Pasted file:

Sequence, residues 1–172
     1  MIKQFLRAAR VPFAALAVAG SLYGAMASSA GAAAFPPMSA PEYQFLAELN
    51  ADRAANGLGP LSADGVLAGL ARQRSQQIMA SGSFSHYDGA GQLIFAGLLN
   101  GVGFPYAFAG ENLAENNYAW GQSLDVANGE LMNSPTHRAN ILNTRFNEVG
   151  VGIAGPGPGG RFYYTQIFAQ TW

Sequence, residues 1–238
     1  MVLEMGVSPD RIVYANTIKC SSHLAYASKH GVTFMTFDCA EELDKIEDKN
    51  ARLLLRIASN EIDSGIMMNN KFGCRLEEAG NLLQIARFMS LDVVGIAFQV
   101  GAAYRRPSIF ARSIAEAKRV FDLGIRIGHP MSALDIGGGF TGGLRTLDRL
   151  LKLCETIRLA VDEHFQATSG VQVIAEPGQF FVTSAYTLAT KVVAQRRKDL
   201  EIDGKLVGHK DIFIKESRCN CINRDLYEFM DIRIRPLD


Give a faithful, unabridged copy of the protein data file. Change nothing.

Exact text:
Sequence, residues 1–172
     1  MIKQFLRAAR VPFAALAVAG SLYGAMASSA GAAAFPPMSA PEYQFLAELN
    51  ADRAANGLGP LSADGVLAGL ARQRSQQIMA SGSFSHYDGA GQLIFAGLLN
   101  GVGFPYAFAG ENLAENNYAW GQSLDVANGE LMNSPTHRAN ILNTRFNEVG
   151  VGIAGPGPGG RFYYTQIFAQ TW

Sequence, residues 1–238
     1  MVLEMGVSPD RIVYANTIKC SSHLAYASKH GVTFMTFDCA EELDKIEDKN
    51  ARLLLRIASN EIDSGIMMNN KFGCRLEEAG NLLQIARFMS LDVVGIAFQV
   101  GAAYRRPSIF ARSIAEAKRV FDLGIRIGHP MSALDIGGGF TGGLRTLDRL
   151  LKLCETIRLA VDEHFQATSG VQVIAEPGQF FVTSAYTLAT KVVAQRRKDL
   201  EIDGKLVGHK DIFIKESRCN CINRDLYEFM DIRIRPLD